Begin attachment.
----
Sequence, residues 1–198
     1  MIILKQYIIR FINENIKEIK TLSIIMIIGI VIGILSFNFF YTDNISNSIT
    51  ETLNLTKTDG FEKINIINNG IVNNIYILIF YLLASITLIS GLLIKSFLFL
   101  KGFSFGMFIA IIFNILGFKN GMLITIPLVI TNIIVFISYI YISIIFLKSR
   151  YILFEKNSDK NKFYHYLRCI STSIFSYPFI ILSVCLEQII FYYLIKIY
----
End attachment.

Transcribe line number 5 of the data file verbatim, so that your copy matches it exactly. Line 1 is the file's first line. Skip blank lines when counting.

   151  YILFEKNSDK NKFYHYLRCI STSIFSYPFI ILSVCLEQII FYYLIKIY